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Obese teen loses 15% of body weight in trial of repurposing diabetes drug


This drug may be a useful new tool for treating childhood obesity.

Beth Mole

enlarge/ Female scale in kilograms

A Repurposed Type 2 Diabetes Drug Helps Teens with Obesity Significantly reduced their weight in a 68-week clinical trial, researchers report this week in the New England Journal of Medicine. weight, reduced cardiovascular disease risk factors, and improved weight-related quality of life.
The drug is semaglutide (trade name Wegovy) It was approved to treat type 2 diabetes in 2017, but has since been shown to be useful for weight loss in obese or overweight adults. The drug works by mimicking a hormone called glucagon-like peptide-1 (GLP-1), which targets an area of ​​the brain that regulates appetite and food intake, and has been approved by the U.S. Food and Drug Administration for its use. Explained when it comes to weight loss in adults.
New data suggest it can also greatly help with obesity Teenagers who struggle with being overweight improve their health and outlook as they enter adulthood. According to the Centers for Disease Control and Prevention, one in five children and teens in the U.S. is obese, which can lead to serious health conditions in children, including high blood pressure, high cholesterol, type 2 diabetes, breathing problems and joint problems Question.
Of course, semaglutide is not a treatment for obesity panacea for a complex, multifactorial chronic disease. During the 7-week follow-up after the 68-week treatment, some teens regained a small amount of weight, which suggests they may need to continue their medication to maintain weight loss, the researchers noted. It is unclear how long a person can take the drug and still see weight loss. Still, the drug could be a useful new tool in the fight against intractable, progressive disease.
results in phase 3, double – one reported this week In a blinded, randomized, placebo-controlled trial, researchers gave adolescents between the ages of 12 and 17 a weekly injection of 2.4 mg of semaglutide for 68 weeks. Among the 201 adolescents who participated in the trial, 133 obese adolescents and 1 overweight adolescent received semaglutide, while 67 adolescents received semaglutide. Give a placebo. Both groups, along with their parents and guardians, also received counseling on healthy nutrition and exercise.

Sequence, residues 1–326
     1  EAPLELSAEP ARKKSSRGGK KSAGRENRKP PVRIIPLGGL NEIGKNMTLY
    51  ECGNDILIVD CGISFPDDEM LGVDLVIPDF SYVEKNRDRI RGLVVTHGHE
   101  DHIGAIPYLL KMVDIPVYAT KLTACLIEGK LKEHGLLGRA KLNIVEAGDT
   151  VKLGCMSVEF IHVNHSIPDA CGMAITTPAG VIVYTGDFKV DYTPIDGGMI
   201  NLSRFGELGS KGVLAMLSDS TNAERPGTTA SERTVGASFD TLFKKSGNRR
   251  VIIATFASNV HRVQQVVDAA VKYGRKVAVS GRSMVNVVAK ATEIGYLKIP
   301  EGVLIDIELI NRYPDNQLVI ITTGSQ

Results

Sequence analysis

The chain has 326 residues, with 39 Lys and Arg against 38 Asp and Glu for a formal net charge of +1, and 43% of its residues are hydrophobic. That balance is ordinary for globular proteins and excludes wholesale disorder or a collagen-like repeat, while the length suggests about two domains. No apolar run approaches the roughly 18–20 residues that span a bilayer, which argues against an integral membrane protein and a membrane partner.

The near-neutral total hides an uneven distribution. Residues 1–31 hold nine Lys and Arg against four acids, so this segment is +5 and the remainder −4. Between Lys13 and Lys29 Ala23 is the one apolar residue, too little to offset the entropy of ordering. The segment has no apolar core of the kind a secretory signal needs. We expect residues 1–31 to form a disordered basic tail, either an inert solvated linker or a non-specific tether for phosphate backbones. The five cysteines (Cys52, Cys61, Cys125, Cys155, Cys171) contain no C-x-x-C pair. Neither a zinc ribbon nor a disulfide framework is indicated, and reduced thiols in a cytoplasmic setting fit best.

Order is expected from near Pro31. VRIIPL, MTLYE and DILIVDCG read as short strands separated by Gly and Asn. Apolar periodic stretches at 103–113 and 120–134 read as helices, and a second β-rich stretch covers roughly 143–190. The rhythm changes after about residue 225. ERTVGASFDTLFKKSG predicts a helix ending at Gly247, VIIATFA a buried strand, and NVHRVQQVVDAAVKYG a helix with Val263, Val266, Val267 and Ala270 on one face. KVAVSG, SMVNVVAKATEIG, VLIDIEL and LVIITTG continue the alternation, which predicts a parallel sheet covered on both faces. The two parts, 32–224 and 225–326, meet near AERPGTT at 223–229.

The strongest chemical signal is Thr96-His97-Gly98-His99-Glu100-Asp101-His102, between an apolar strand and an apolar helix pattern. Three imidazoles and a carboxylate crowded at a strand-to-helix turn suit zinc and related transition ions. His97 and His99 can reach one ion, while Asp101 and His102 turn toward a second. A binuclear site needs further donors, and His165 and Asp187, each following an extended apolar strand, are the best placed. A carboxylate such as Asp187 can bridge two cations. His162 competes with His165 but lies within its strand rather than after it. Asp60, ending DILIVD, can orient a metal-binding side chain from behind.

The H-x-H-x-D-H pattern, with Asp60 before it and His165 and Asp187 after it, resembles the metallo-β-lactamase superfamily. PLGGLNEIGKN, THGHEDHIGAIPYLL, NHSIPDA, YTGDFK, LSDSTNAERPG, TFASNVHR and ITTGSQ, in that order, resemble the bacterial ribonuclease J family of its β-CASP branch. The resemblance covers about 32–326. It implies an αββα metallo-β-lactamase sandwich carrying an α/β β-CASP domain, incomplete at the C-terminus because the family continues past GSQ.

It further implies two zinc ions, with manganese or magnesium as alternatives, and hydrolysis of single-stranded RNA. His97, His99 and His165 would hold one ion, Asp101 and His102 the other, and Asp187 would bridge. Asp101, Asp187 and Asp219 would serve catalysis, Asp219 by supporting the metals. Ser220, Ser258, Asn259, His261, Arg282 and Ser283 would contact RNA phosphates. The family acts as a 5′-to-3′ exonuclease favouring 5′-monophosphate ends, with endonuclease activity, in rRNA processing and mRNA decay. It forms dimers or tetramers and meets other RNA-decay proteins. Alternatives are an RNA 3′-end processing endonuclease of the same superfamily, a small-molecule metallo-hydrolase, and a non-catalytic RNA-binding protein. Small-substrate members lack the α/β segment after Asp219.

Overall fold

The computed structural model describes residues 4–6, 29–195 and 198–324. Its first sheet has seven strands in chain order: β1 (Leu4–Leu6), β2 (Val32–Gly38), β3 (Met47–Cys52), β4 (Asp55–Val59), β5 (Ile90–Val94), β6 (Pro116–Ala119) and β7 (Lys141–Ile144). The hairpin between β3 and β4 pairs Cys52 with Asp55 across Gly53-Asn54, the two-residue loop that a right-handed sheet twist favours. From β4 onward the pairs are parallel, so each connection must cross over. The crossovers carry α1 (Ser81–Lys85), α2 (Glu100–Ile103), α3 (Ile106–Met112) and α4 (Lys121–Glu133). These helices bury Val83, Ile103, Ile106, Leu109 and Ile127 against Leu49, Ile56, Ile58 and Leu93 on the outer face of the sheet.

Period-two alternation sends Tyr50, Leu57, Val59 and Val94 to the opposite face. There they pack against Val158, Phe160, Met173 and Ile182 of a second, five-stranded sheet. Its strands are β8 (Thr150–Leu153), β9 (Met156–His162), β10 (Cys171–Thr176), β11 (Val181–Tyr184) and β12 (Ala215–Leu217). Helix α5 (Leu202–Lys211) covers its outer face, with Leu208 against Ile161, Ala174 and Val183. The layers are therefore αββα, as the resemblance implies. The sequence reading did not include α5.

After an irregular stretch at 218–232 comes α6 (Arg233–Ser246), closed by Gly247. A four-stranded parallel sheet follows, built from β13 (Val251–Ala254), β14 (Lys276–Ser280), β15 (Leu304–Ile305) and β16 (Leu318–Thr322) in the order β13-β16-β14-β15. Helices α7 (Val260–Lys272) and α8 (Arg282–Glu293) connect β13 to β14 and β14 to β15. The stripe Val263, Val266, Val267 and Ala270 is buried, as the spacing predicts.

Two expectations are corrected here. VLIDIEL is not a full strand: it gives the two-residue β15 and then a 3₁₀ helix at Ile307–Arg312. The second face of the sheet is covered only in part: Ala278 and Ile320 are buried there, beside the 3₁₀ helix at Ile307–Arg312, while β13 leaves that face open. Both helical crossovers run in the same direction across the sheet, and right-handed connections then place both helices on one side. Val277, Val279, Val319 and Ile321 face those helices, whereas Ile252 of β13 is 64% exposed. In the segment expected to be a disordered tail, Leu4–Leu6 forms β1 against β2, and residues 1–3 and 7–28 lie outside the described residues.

The drug in general It appears to be safe, but there are some gastrointestinal side effects—nausea, vomiting, and diarrhea—that appear mostly in the early stages of treatment, and tend to lessen over time.

After 68 weeks, with semaglutide of patients lost, on average, about 15% of their initial weight—about 34 pounds. In the placebo group, the teens gained about 3 percent, or 5 pounds. The mean change in BMI (body mass index) was -16% in the treatment group and +0.6% in the placebo group.
In the treatment group, 73% of people lost at least 5% of their body weight, 62% lost at least 10%, and 37% lost at least 20%. Treated adolescents also found reductions in clinically important cardiovascular risk factors, including lower waist circumference, total cholesterol, and triglycerides, which were absent in the placebo group. Finally, adolescents who received treatment reported improved quality of life scores in terms of physical comfort.
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